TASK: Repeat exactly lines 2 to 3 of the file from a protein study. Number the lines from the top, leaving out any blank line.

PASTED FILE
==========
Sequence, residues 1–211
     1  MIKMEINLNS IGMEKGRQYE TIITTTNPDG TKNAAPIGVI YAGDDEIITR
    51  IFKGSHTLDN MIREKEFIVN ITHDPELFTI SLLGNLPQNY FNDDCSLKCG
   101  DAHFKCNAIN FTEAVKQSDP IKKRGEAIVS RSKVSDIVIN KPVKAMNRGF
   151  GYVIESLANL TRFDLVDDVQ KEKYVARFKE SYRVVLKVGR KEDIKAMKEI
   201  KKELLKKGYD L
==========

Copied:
     1  MIKMEINLNS IGMEKGRQYE TIITTTNPDG TKNAAPIGVI YAGDDEIITR
    51  IFKGSHTLDN MIREKEFIVN ITHDPELFTI SLLGNLPQNY FNDDCSLKCG